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Title:Phonological Augmentation in Prominent Positions [Dissertation]
Authors:Jennifer L. Smith
Jennifer L. Smith
University of Massachusetts, Amherst
Originally filed: May 2002
This version: Revised, December 2002

This dissertation presents a theory of markedness
constraints that apply exclusively to material in
phonologically prominent or 'strong' positions, called
here M/str(ong) constraints. It is proposed that two
substantively based restrictions hold of such constraints.
The first restriction is the Prominence Condition, which
states that the only legitimate M/str constraints are those
whose satisfaction enhances the perceptual prominence of
the strong position in question. For example, an M/str
constraint demanding high-sonority nuclei in the strong
position stressed syllable is legitimate, but a constraint
that simply bans a typologically marked feature value in
some strong position is not. The Prominence Condition
correctly predicts that all M/str constraints are
prominence-enhancing or augmentation constraints.

The second restriction, the Segmental Contrast Condition,
applies to M/str constraints on positions that are strong
for psycholinguistic (as opposed to phonetic) reasons.
This restriction has its basis in the importance of
psycholinguistically strong positions for early-stage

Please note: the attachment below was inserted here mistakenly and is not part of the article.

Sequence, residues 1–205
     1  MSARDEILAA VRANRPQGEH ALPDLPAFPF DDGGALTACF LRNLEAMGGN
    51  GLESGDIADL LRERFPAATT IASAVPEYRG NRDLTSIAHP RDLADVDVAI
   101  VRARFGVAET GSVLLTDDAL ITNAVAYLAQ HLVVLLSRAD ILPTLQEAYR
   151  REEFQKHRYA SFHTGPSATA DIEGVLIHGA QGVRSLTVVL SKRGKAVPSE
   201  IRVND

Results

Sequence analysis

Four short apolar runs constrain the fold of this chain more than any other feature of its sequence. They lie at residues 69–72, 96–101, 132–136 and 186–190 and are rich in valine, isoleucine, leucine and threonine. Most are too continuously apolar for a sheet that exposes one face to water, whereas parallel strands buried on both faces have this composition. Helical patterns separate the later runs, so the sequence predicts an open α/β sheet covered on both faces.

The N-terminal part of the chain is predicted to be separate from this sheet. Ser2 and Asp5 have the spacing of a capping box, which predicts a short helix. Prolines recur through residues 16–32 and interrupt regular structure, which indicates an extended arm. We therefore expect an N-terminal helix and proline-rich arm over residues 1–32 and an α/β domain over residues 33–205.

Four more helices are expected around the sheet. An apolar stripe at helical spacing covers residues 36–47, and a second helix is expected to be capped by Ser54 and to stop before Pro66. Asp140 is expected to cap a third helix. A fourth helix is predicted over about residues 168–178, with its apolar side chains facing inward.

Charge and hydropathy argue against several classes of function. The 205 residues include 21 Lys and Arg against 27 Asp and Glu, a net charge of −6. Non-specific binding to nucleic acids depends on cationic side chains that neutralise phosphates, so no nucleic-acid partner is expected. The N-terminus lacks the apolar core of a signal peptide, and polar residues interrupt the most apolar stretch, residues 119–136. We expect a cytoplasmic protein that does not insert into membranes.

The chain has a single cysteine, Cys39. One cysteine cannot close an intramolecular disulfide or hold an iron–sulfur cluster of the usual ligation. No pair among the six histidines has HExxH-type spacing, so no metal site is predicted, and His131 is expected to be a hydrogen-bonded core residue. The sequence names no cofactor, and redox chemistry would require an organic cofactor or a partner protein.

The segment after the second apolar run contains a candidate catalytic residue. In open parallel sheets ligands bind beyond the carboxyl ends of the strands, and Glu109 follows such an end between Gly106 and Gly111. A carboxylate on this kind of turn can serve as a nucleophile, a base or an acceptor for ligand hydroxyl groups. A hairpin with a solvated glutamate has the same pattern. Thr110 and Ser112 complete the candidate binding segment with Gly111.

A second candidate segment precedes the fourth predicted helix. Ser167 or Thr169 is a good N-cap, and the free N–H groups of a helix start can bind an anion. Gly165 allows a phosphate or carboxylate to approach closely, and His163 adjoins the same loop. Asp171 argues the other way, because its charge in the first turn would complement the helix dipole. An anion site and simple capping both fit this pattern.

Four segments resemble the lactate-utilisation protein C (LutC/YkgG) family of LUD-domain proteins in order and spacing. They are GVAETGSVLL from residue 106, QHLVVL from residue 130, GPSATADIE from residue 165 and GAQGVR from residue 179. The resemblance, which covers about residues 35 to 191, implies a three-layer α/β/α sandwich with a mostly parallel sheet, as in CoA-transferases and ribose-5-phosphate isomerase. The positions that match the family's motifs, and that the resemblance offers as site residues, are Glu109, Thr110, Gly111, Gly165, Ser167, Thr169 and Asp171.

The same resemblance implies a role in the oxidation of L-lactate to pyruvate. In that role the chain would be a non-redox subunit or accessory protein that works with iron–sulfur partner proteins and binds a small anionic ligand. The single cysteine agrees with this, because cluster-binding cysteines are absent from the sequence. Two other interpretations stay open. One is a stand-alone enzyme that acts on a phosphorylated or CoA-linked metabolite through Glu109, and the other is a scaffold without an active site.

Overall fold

word recognition. It prohibits any M/str constraint from
referring to a psycholinguistically strong position if its
satisfaction would impede early-stage word recognition,
such as by neutralizing segmental feature contrasts (except
for those that improve left-edge demarcation, which
potentially facilitates word recognition). Thus, an
M/str constraint calling for high-sonority nuclei in the
psycholinguistically strong position initial syllable,
despite passing the Prominence Condition, will be banned
by the Segmental Contrast Condition; its satisfaction
neutralizes a segmental contrast that is not at the left

The Prominence Condition and the Segmental Contrast
Condition are formally implemented as filters on the
output of generalized constraint-building schemas,
determining which of the logically possible M/str
constraints are actually included in the universal
constraint set. In an extension of Inductive Grounding
(Hayes 1999a), these and other constraint filters are
viewed as the locus of functional grounding in the formal
phonological system. This Schema/Filter model allows the
constraint set to reflect substantive phonetic and
psycholinguistic factors, while maintaining a view of
phonology as a formal system that manipulates formal
objects — including constraints and the basic phonological
elements from which they are constructed — without
necessarily having access to every fine-grained detail of
articulation, acoustics, perception, and processing.
Article:This article has been withdrawn.